In the present invention, a reduction in the dislocation density of the GaN-based compound semiconductor may cause distortion in the grown GaN-based compound semiconductor. When the GaN-based compound semiconductor is caused to grow directly on the substrate, dislocation occurs. This dislocation alleviates the distortion of the GaN-based compound semiconductor. Such distortion does not become noticeable when the thickness of the GaN-based compound semiconductor layer is very small, but when the distortion increases in proportion to an increase in the layer thickness, problems such as layer cracking may occur.

Thus, in the present invention, a crystal nucleus generation-inhibiting layer is formed discretely prior to the formation of the buffer layer, not only to reduce the dislocation density of the GaN-based compound semiconductor, but also to ensure the alleviation of its distortion. The GaN-based compound semiconductor grows from the portions of the substrate where the crystal nucleus generation-inhibiting layer is not formed and, in time, the growing portions of the GaN-based compound semiconductor proceed in a horizontal direction and meet one another so as to cover the crystal nucleus generation-inhibiting layer. At these meeting portions, the distortion of the GaN-based compound semiconductor layer is alleviated.

Further, in the present invention, an InGaN layer or a superlattice layer having a quantum well structure is formed on the GaN-based compound semiconductor layer, not only to reduce the dislocation density of the GaN-based compound semiconductor, but also to ensure the alleviation of its distortion. Because InGaN is not as hard as GaN, it can alleviate the distortion of the GaN-based compound semiconductor. Meanwhile, the superlattice layer having a quantum well structure can also alleviate the distortion of the GaN-based compound semiconductor because it has large distortion due to lattice mismatching.

Further, the GaN-based compound semiconductor device of the present invention comprises a buffer body which is formed discretely on a substrate or a buffer body having multiple pores which is formed on a substrate; a buffer layer formed on the buffer body; and a GaN-based compound semiconductor layer formed on the buffer layer.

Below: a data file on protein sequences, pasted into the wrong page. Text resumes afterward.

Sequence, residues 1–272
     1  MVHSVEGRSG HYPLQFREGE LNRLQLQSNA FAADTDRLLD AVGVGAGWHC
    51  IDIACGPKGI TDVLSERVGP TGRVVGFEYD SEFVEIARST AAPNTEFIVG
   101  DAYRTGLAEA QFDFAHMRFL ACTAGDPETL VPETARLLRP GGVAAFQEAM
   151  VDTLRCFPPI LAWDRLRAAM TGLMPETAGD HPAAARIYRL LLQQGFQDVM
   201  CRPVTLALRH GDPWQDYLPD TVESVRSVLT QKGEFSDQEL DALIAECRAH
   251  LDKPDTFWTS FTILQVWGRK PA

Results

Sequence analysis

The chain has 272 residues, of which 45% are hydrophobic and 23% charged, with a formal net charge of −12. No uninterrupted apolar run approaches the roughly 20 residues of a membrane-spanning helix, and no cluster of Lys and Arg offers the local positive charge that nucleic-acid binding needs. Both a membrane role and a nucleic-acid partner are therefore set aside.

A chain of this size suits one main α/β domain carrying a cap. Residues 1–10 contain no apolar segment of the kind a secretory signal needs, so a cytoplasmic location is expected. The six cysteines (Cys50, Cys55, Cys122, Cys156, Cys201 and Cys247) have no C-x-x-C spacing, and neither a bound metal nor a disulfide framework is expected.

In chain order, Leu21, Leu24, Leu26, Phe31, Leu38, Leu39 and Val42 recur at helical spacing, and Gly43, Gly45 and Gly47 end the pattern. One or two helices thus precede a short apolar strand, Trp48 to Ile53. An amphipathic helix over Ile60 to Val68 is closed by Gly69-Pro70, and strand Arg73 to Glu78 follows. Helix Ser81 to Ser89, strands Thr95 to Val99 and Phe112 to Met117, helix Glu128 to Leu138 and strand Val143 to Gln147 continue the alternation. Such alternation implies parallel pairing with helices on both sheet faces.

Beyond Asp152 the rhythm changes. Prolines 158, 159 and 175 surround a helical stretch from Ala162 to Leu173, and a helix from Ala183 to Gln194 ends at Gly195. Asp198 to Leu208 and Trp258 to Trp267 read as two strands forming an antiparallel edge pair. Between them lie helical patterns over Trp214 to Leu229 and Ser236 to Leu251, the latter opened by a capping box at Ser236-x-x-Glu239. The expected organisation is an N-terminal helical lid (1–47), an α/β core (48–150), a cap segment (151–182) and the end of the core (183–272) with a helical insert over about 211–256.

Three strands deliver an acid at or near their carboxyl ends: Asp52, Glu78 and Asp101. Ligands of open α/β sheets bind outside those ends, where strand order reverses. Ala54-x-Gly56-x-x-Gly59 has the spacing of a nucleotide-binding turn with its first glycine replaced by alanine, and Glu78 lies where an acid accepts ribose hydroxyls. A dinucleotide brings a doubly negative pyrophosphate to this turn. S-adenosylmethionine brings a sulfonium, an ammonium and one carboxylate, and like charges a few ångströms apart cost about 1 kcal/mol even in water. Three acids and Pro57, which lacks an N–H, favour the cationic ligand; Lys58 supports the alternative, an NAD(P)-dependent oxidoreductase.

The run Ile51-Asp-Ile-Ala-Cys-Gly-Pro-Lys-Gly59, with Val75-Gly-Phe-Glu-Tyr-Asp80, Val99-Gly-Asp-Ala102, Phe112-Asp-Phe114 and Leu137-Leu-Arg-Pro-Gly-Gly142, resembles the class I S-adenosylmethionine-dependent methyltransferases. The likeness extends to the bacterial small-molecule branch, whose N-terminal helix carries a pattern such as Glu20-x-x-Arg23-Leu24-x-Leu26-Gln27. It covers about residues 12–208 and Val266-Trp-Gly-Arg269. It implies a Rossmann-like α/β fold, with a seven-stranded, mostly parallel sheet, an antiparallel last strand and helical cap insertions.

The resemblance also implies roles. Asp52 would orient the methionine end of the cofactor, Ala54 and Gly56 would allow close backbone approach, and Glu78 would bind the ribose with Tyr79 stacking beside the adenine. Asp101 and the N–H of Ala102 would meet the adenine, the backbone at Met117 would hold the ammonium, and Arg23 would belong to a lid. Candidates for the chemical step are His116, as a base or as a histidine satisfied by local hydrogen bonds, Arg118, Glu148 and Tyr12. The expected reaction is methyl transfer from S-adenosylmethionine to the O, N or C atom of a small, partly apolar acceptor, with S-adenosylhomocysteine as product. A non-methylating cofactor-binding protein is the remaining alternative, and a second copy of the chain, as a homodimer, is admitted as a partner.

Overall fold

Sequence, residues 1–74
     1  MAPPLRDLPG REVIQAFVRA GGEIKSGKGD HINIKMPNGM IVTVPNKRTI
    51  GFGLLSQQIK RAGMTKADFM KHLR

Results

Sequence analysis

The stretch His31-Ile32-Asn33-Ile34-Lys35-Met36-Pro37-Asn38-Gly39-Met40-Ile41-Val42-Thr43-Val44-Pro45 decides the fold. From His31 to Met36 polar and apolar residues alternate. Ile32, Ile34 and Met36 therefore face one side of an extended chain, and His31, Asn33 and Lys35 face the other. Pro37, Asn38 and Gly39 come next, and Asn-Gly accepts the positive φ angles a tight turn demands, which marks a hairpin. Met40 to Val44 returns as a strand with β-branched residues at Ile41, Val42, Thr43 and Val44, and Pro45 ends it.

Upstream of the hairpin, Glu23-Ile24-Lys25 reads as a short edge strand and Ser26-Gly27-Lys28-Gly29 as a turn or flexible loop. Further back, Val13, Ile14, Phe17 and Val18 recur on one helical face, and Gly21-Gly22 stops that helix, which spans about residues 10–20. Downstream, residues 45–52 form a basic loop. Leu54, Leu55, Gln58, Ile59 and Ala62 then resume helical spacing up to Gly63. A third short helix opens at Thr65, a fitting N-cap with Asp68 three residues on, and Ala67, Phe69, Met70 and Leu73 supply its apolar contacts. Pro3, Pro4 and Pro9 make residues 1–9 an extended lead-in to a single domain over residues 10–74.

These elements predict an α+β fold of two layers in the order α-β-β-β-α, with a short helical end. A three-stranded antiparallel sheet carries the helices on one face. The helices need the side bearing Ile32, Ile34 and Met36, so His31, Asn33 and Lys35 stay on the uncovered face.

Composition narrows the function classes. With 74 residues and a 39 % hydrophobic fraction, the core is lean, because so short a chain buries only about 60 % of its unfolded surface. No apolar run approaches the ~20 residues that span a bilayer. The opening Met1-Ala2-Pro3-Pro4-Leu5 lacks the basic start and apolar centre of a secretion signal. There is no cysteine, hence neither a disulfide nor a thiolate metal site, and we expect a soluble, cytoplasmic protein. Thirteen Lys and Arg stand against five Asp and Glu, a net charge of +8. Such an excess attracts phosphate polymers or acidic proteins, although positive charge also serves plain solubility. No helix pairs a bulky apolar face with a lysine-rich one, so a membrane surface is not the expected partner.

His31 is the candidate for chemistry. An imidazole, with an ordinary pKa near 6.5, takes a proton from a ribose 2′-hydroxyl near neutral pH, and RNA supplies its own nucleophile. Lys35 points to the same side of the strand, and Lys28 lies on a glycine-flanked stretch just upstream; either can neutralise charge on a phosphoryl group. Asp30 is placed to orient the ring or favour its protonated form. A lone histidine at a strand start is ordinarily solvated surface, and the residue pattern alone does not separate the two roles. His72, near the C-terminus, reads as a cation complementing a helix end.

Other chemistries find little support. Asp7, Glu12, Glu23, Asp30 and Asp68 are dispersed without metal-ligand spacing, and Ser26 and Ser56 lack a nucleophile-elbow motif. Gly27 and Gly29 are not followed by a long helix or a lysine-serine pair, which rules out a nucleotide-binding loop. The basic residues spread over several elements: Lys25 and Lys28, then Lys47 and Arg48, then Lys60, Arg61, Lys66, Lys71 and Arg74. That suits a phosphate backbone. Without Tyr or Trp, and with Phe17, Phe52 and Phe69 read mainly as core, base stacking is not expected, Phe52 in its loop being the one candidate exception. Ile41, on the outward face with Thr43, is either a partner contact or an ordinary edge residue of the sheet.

In one embodiment of the present invention, this semiconductor device has a crystal nucleus generation-inhibiting layer between the substrate and the buffer body.

In another embodiment of the present invention, this semiconductor device has an InGaN layer or a superlattice layer having a quantum well structure on the GaN-based compound semiconductor layer.

BREIF DESCRIPTION OF THE DRAWINGS

FIG. 1 is a block diagram of the GaN-based compound semiconductor device.

FIG. 2 is a plan view of the SiN buffer body in FIG. 1.

FIG. 3 is an illustration showing crystallization of the GaN-based compound semiconductor.

FIG. 4 is a conceptual block diagram of the production device.

FIG. 5 is a flowchart showing the production process.

FIG. 6A is a TEM photograph of the device produced by a production method according to a related art.

FIG. 6B is a TEM photograph of the device produced by the method of the present invention.

FIG. 7 is a graph showing the result of subjecting the device to an X-ray diffraction analysis.

FIG. 8A is an AFM photograph of an SiN buffer body.

FIG. 8B is an AFM photograph of another SiN buffer body.

FIG. 9 is a block diagram of another GaN-based compound semiconductor device.

FIG. 10 is a block diagram of still another GaN-based compound semiconductor device.

FIG. 11 is a block diagram of still another GaN-based compound semiconductor device.

FIG. 12 is a block diagram of yet another GaN-based compound semiconductor device.

FIG. 13 is a flowchart showing the production process of the GaN-based compound semiconductor device shown in FIG. 12.

DETAILED DESCRIPTION OF THE PREFERED EMBODIMENTS

Preferred embodiment of the present invention will hereinafter be described with reference to the drawings.

FIG. 1 shows the structure of a GaN-based compound semiconductor produced by the method of a first preferred embodiment. A SiN buffer body 12 is formed discretely on a substrate 10 such as sapphire. On the SiN 12, a GaN buffer layer 14 having a thickness of about 20 nm is formed at low temperatures (such as 500° C.) and then a GaN semiconductor layer 16 having a thickness of about 2 μm is formed thereon at high temperatures (such as 1,075° C.).

FIG. 2 is a schematic plan view of the SiN buffer body 12 formed on the substrate 10. The SiN buffer body 12 is formed, not in the form of a layer to cover the substrate 10. but discretely. so as to have pores 11, as shown in FIG. 2. That is, a plurality of buffer bodies are discretely formed or a buffer body having a plurality of pores is formed. The SiN buffer body 12 is not formed on the pores 11; that is, the substrate 10 is exposed at these pores. The SiN buffer body 12 formed on the substrate 10 may be amorphous or crystalline and, in either case, exhibits the effect of inhibiting the crystal growth of the low-temperature GaN buffer layer 14 formed thereon.